Listening to Americans being interviewed after the announcement last week that there will be no adjustment in Social Security benefits, it appeared that some people were blaming politicians for causing this to happen. But COLAs are determined according to a formula set out in federal law and are not adjusted annually by Congress.
The original law that provided a Social Security COLA was enacted in 1973. After some changes in 1983, COLAs have been based on increases in the Consumer Price Index for Urban Wage Earners and Clerical Workers (known as the CPI-W), as measured by the Bureau of Labor Statistics. So if you're looking to place blame, it should be on the economy and the prices of goods and services.
Which goods and services are included in the CPI-W? It's interesting to note that the cost of purchasing a house is not included, only the cost of rent, heating oil and furniture. The price of insurance is not included, but the cost of medical care is. It was among the items that have increased the most recently. Other major items included are food and beverages, apparel, recreation, education, and personal items such as tobacco and haircuts.
If you wondered why there was such a high COLA in 2008 (5.8 percent) and then none at all for the next two years, you can blame that on the price of fuel. The average price of a gallon of gas was more than $4 per gallon in 2008, then dropped to a low just under $2 in 2009. (The average price in September was $2.75.)
The purpose of granting a COLA is to enable retirees to purchase the same goods and services after they retire as they were able to do in the year of their retirement. To offset the nonexistent COLA for this year, members of Congress have floated a proposal to provide all Social Security recipients with a one-time $250 payment. The National Active and Retired Federal Employees Association is urging elected representatives to include federal, state and local government retirees who are not eligible for Social Security in any legislation offering a $250 payment to seniors.
Public vs. Private
It's important to note COLAs are rare in private sector pensions. Of course, anyone who receives a pension from a private company also will get Social Security, and receive its annual COLA. Federal employees under CSRS, who have spent their working careers exempt from Social Security, can get cost of living adjustments only through increases to their government pensions. CSRS retirees receive immediate full COLAs, like Social Security recipients.
Of course, many private companies no longer offer their employees pensions. Most now feature only a defined contribution benefit, such as a 401(k) plan. These savings plans also do not offer COLAs, putting the responsibility for providing a retirement nest egg on the employee. FERS employees have Social Security coverage, a defined benefit plan (the FERS Basic Annuity Benefit) and a defined contribution plan (the Thrift Savings Plan). The FERS defined benefit plan includes a modified COLA. (It's not increasing in 2011, either.) Here's more information on COLAs under CSRS and FERS.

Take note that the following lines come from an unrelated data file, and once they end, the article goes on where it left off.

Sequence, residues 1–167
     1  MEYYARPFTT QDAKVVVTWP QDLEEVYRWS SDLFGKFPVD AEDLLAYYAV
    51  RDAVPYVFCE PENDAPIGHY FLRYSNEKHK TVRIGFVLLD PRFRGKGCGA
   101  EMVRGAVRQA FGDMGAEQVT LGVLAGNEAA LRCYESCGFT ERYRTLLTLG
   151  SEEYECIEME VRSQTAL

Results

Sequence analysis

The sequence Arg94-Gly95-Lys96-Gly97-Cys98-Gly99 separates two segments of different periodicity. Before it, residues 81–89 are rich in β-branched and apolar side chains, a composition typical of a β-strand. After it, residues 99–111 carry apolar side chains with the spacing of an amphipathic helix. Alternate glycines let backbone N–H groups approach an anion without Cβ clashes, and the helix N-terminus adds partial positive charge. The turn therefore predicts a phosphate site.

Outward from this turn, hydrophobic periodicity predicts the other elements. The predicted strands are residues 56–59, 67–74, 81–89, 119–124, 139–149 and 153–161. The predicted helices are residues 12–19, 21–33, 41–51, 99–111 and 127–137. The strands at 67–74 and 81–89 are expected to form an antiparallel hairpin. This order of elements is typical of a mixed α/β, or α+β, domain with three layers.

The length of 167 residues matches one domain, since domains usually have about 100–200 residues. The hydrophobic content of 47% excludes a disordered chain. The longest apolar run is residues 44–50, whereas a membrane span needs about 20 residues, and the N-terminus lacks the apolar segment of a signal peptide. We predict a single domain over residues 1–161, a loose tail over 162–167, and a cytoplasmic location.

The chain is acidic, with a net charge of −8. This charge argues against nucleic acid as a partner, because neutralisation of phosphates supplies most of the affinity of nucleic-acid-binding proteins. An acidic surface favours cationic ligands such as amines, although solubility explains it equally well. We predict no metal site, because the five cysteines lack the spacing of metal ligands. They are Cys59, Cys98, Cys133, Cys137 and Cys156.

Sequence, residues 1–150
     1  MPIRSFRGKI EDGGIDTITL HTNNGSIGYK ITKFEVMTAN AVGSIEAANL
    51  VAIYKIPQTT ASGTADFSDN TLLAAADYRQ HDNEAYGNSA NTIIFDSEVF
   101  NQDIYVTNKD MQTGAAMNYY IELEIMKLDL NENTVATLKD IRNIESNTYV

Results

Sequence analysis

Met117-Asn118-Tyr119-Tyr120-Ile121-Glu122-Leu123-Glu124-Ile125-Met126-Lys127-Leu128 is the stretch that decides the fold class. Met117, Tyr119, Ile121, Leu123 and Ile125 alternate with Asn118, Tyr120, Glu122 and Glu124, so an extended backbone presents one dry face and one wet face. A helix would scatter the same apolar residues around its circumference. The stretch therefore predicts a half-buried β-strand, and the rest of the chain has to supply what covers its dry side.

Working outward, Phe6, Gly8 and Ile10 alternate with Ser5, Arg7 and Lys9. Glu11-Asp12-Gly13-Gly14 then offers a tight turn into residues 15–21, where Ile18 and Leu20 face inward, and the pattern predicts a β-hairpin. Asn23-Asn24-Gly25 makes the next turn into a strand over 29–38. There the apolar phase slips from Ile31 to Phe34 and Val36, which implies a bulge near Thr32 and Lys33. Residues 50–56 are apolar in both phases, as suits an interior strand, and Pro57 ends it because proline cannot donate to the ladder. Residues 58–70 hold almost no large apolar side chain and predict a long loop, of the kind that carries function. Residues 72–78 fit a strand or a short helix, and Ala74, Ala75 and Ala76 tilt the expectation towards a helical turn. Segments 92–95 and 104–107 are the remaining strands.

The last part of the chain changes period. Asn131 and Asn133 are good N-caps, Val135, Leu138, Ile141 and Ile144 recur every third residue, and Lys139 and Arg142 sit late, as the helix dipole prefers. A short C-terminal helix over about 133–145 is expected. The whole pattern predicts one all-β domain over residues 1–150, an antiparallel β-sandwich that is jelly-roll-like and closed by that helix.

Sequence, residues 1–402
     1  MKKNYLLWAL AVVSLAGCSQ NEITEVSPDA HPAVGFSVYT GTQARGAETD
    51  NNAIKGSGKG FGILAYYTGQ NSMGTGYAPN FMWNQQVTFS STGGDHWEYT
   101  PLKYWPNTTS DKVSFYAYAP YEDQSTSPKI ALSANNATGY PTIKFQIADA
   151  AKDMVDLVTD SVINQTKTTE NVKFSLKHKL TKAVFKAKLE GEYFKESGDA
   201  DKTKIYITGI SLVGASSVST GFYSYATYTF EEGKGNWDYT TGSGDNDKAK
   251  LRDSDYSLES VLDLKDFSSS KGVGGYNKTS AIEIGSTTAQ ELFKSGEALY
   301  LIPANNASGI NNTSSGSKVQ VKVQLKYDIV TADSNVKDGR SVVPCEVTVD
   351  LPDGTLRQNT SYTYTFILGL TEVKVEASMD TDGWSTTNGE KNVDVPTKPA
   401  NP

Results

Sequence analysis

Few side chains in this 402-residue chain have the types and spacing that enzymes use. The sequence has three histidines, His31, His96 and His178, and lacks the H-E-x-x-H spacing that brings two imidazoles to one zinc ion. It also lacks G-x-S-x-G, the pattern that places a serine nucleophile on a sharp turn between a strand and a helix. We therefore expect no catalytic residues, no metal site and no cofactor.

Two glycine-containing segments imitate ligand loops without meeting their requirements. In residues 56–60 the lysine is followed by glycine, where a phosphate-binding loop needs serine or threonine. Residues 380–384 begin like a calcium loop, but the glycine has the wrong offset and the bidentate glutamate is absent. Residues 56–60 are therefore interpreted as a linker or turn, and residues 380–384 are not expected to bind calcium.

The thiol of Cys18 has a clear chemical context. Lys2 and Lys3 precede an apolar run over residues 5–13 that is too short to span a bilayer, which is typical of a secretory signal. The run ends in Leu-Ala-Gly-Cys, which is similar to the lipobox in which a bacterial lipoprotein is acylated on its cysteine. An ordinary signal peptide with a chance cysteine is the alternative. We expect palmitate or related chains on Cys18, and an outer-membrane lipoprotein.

Bending the Cost Curve
In addition to the issue of next year's COLA, there's another quirk in Social Security looming. According to the Social Security Administration, benefits for a person who will turn 62 in 2011 will be lower than those for someone with a similar wage history who turned 62 in 2010.
Ordinarily, you'd expect that someone who becomes eligible for Social Security next year would receive a higher benefit than someone who turned 62 this year if they had the same earnings history. But because of the drop in the wage index that is used to compute benefits, this is not true. To account for this dip, I need to explain a little more about the formula used to compute Social Security benefits.
The formula is based on "bend points," which determine how much of your monthly benefit is computed at 90 percent, 32 percent and 15 percent of your average lifetime monthly wage. These staggered percentages ensure that employees who worked a career at higher wages will get a lower replacement of wages from Social Security than those who worked their career at average or lower wages.
Now, for the first time in history, the amount computed at the 90 percent level is less for someone who turns 62 in 2011 than it was for someone who turned 62 in 2010. The maximum benefit amount computed at the 90 percent level for 2010 was $684.90 per month. The maximum benefit at the same level for 2011 is $677.70 a month. The amount computed at 32 percent also dropped, from $3,825 a month to $3,789 a month.
I'm not an expert in the intricacies of Social Security, but it seems to me that even though Congress hasn't acted to trim benefits, the country's economic problems are having the effect of lowering them and slowing the depletion of the Social Security trust fund.
For more retirement planning help, tune in to "For Your Benefit," presented by the National Institute of Transition Planning Inc. live on Monday mornings at 10 a.m. ET on federalnewsradio.com or on WFED AM 1500 in the Washington metro area.
Upcoming programs will feature guests discussing health insurance open season this fall:
- Nov. 1: Walt Francis, Checkbook's Guide to Health Plans for Federal Employees
- Nov. 8: Jane Overton, GEHA Federal Health Plan (Fee-for-service plan and HDHP)
- Nov. 15: John Patrick, Kaiser Federal Health Plan (HMO)
- Nov 22: Tom Bernatavitz, Aetna Federal Health Plan (HMO/consumer-driven plan and HDHP)